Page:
November 2018 Volume LIII Number 6

 
 
 
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Is Your ‘Whole Life’ Ahead of You?

March 2013 Volume XLVIX Number 2

 Imagine its the morning of your first day in retirement.
 

While sipping your favorite latte, you reflect over the past few decades of a successful career in dentistry. What a blessing to have been able to provide a valuable service to the community and a great quality of life for your family. Now you look forward to the freedom of pursuing other interests and spending time with grandchildren.

Suddenly, though, optimism turns to fear as you read the headline in todays newspaper: "Dow Falls Record 778 Points; Stocks Lose $1.2 Trillion." Now that youre on a fixed income, you begin to worry about how long this financial decline will continue. Your mind races: "How long is my money going to last?" "Will I have to work part-time to make up for these losses?" "Should we scale back that trip to Europe?"

Had you retired on September 29, 2008, this might have been your reality.

Unfortunately, nobody can predict what shape the economy will be in when you retire. There are, however, tools available to help you weather bear markets and avoid the financial catastrophe of outliving your money. One such tool is permanent life insurance – specifically, whole life.

Whole life is an insurance contract that provides a guaranteed death benefit to an insureds beneficiaries. Unlike term insurance, this benefit is paid when and not if the insured passes away. Also unlike term, whole life policies offer a living benefit in the form of  a tax deferred savings vehicle with returns mirroring that of  a bond fundbut without market volatility.

The policy cash value represents a source of  tax-free income in retirement and, when used strategically, may prolong the life of your other invested assets.

Consider the following case study of an individual ("Robert") in retirement from 1973 to 1987. This 15 year period embodies a wide range of economic conditions including three recessions, four bear markets and double digit inflation. That notwithstanding, the S&P 500 returned an average of 11.28 percent. Only four years experienced negative returnsthe largest of which occurred in the first two years.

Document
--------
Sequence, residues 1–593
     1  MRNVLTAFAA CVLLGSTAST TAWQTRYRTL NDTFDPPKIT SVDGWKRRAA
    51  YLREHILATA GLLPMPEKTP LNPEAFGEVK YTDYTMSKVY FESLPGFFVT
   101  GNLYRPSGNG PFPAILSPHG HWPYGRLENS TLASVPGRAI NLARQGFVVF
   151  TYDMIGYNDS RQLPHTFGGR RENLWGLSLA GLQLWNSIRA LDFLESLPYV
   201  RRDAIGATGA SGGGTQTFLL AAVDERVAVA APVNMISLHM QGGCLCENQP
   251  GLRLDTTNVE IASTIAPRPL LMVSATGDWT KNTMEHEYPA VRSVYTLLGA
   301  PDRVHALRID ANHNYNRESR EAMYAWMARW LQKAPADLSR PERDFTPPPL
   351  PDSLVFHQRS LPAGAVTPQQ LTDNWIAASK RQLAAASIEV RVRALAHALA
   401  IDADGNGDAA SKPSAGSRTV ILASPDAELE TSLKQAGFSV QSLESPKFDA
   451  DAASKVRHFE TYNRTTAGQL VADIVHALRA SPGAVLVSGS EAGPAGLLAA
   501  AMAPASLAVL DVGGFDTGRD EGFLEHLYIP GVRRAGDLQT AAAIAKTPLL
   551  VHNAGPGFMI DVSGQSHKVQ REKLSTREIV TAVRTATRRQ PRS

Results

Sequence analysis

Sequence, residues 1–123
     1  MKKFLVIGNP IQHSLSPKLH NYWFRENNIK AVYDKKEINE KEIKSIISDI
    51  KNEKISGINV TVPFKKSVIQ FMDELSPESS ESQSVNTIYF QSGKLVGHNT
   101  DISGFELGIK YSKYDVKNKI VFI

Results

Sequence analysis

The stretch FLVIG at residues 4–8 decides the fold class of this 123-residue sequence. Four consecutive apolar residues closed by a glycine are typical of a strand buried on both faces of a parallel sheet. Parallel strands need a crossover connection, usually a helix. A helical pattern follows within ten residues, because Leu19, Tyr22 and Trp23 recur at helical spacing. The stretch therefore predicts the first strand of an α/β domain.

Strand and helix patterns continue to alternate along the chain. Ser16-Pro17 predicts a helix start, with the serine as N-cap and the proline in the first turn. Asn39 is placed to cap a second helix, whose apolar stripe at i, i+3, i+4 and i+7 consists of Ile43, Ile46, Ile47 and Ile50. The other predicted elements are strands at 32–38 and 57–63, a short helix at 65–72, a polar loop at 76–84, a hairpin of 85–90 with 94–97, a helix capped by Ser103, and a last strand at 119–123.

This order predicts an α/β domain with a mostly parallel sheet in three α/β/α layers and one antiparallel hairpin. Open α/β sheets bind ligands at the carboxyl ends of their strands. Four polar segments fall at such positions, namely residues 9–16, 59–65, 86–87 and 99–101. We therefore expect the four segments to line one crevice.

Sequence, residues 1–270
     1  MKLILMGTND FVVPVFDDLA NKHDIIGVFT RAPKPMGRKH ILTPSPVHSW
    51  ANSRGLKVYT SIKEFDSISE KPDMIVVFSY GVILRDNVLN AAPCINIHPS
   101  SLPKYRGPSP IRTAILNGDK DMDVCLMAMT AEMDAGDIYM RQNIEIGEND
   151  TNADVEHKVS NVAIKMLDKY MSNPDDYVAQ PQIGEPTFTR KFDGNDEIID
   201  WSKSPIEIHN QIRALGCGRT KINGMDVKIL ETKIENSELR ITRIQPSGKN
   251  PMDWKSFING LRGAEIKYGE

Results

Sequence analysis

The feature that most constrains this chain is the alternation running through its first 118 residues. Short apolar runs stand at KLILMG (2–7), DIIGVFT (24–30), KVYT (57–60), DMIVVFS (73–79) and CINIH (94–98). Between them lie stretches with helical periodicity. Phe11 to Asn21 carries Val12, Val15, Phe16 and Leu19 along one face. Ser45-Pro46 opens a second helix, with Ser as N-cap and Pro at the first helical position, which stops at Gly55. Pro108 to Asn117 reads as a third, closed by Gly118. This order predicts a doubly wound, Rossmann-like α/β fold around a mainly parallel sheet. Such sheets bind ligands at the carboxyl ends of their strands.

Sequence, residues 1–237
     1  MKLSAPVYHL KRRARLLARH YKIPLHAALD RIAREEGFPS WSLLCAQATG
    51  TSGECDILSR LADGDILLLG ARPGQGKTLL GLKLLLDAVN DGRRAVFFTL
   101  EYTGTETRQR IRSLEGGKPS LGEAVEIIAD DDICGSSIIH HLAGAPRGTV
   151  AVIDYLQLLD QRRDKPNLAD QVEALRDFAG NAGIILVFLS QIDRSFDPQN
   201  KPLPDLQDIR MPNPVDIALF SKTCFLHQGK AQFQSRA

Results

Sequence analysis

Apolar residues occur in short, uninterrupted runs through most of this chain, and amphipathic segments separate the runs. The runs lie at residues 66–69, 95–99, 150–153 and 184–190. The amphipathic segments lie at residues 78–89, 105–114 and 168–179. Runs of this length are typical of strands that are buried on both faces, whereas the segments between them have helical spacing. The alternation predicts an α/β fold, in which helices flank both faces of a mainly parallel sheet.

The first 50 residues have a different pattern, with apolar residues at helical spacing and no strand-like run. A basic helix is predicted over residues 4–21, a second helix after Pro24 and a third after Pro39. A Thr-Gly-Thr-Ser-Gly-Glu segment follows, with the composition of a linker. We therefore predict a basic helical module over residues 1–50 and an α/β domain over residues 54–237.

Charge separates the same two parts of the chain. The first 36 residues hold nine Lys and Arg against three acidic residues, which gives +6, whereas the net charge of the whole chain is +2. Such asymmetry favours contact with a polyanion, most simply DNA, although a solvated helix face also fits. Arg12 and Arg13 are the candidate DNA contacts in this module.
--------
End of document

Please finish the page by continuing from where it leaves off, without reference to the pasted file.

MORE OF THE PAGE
By 1973, Robert (age 65) accumulated $2 million in qualified plan assets that he rolled into an IRA and invested in a diversified stock portfolio. Upon retirement, he immediately began taking annual distributions of $150,000/yr.

During his first two years of retirement, the S&P 500 declined by 14.8 percent and 26.5     percent, respectively. At the end of that second year, Roberts account balance had fallen by nearly half to $1,048,257! Fortunately, the S&P came roaring back and his investments averaged a 16.2 percent return for the next 13 years. Despite the positive returns, however, Roberts account value had dwindled to $900,642 by the 15th year.

With the possibility of living another 10, 15 or even 20 more years, Robert can’t afford any further losses. In fact, it appears likely hell outlive his money. And should he encounter an unforeseen expense such as long term care, Roberts control over his quality of life will be greatly diminished.

Now lets review an alternative approach to Roberts distribution strategy. This approach has Robert avoiding distributions from his retirement account in those years that follow a negative return on account assets. Instead, he relies on the cash value from his whole life policy.

By following this strategy, Roberts account balance actually increases from $900,642 at age 79 to $3,353,353! In addition, should he pass away, Roberts family will receive both the current value of his retirement account and proceeds from his life insurance policy. For example, were Robert to die at age 80, his family would receive a little over $2.2M. Under the old approach, hislegacy would be reduced to simply the value of his retirement accountor about $600,000.

Regardless of whether or not you believe in the advantages of incorporating whole life into the distribution phase of your retirement, the above example reminds us of a few critical lessons about markets and our money:

First, investment returns are geometricnot arithmetic. In other words, theyre not independent of one another. For instance, lets suppose you lose 50 percent one year and gain 75 percent the next year. Your average return is 12.5 percent. Doesn’t sound too  bad, right?

Dont be deceived by the arithmetic average. If you have an account value of $100 and lose 50 percent the first year, but gain 75 percent the next year, your account value is only $87.50. Suddenly, a 12.5 percent return doesnt look so great.

Which leads us to the next lesson: Investment losses hurt more than gains help and the ultimate outcome depends on the sequence of returns. If you experience significant losses in your first year or two of retirement, as those who retired in 2008, it can be very difficult to recover. This is why its so important to have a strategy in place that buffers volatility.

 

Lastly, control what you can control. Since theres no crystal ball to tell us what economic conditions will be like when we retire, having the appropriate financial tools available should the unexpected happen can mean the difference between a peaceful retirement and one filled with anxiety.

Now imagine again its the first morning of retirement. While enjoying your favorite latte and reading the newspaper, you skip the front page headlines about economic headwinds and go right to the crossword puzzle. Your mind is completely at ease because you have your whole life’ in front of you.

For more information on your insurance planning needs, contact Treloar and Heisel, Inc at (800) 345-6040 or http://www.th-online. net.